The technical framework conducive to telephone fraud is simple.
Voicemail boxes that are not configured with specific passwords and are therefore accessible via the default password (0000) are used by fraudsters to gain access to a business's private automatic branch exchange.
Once unauthorised access has been gained, fraudsters can route calls to international destinations, for which the legitimate account holder is charged. The account holder is subsequently notified by the telecoms operator – often several weeks after a huge and unusual spike in use. The telecoms operator may then maintain that the invoice is due and threaten to cut off service if the account holder fails to pay.
But who should pay the cost of this fraud?
In some cases, account holders have brought liability actions against installation and maintenance service providers on the grounds that they breached their duty to advise customers on the need to replace default passwords with more complex passwords that help to secure the system.
Court decisions that analyse service providers' obligations vary according to the facts of each case: some hold the service provider liable for failure to advise the customer, while others consider that this duty was fully met. The legal issue of whether the duty to advise has been met must be analysed on a case-by-case basis in light of the factual elements.
For instance, in a February 5 2015 decision the Nanterre Commercial Court found a service provider liable for:
- failing to conduct an annual telephone system security check;
- neglecting to sensitise its customer to security issues; and
- failing to provide training on how to handle the security aspects of the telephone system.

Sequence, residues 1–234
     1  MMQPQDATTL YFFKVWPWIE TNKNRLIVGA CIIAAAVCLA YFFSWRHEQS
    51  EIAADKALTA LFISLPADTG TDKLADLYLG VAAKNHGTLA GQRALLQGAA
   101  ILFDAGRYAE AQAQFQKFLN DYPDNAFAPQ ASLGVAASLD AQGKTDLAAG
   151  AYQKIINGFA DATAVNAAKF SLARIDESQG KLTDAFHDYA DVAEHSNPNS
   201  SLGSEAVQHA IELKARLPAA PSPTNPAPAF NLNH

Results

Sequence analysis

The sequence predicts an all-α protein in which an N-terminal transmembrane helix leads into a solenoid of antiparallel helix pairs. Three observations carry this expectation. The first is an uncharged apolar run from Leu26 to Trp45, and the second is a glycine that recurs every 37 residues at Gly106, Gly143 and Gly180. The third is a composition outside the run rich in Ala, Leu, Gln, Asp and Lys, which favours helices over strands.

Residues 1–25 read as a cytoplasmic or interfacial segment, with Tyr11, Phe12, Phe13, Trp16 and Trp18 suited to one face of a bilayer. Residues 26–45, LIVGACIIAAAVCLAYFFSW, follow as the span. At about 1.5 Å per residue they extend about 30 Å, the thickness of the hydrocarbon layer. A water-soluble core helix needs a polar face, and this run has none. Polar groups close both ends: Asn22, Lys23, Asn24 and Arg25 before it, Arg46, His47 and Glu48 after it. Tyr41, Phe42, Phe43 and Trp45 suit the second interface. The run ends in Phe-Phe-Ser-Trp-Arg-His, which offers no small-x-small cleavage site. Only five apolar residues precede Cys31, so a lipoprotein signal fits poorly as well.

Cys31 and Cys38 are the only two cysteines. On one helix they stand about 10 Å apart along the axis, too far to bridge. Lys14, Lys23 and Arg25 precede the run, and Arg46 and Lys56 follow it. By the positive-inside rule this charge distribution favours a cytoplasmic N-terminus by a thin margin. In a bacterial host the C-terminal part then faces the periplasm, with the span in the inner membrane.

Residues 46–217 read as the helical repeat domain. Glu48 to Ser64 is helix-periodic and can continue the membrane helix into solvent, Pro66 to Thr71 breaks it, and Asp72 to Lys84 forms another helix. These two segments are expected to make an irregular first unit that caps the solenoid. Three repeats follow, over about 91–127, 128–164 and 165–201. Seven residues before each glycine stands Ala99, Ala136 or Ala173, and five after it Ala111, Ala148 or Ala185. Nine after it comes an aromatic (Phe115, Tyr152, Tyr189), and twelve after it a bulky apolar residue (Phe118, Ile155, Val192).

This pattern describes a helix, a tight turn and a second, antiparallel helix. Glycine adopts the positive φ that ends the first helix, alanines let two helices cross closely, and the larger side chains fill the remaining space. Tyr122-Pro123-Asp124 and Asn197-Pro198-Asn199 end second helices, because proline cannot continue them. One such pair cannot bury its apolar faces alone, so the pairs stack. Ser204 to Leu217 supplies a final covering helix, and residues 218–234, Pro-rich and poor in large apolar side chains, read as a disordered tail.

Similarly, in a March 25 2014 decision the Versailles Court of Appeal held another service provider liable for not having verified the security status of its customer's telephone system during an annual check.
Conversely, in a November 18 2014 decision the Versailles Court of Appeal denied a liability claim when the service provider showed that it had duly informed and trained the customer during the telephone system installation process. The service provider demonstrated this by:
- producing a job sheet that expressly referred to "customer training"; and
- pointing out that, further to its recommendations, a majority of the passwords had been switched from the default passwords.
Service providers should take heed of these court decisions to avoid exposure to liability and the risk of bearing the cost of fraudulent telephone use.
The courts' assessments of the existence and fulfilment of the duty to advise is eminently factual. It is essential to analyse various factors relating to the content of the contract and the manner in which it is carried out, as follows:
- Which terms of the contract delineate the service provider's obligations? In the absence of an express indication of a duty to advise its customer, can the existence and scope of such a duty be inferred from the terms of the contract? In particular, as in the February 5 2015 Nanterre Commercial Court decision, is the service provider obliged to check the system's security status?;
- During the system installation process, can the service provider rely on a job sheet indicating that it provided customer training on how to use the telephone system? It was on this basis that the November 18 2014 Versailles Court of Appeal decision held that the customer had been advised by the service provider of the necessary security measures to be taken in order to prevent hacking. Conversely, a service provider that merely furnishes documentation about the telephone system, without alerting the customer to the security risks, does not fulfil its duty to advise;
- Has the customer changed the passwords for certain telephones? According to the November 18 2014 Versailles Court of Appeal decision, the fact that a majority of the passwords had been modified by the users seemed to confirm that the service provider had duly satisfied its duty to advise; and
- During a maintenance visit, was the service provider informed of the trivial nature of the passwords, without advising the customer of the associated risks? This was one of the circumstances taken into account in the February 5 2015 Nanterre Commercial Court decision.
Further, when telephone fraud occurs the customer should seek help from the telecoms operator in order to file a complaint with the police efficiently and thus fight this new form of criminal conduct.
This article was first published by the International Law Office, a premium online legal update service for major companies and law firms worldwide. Register for a free subscription.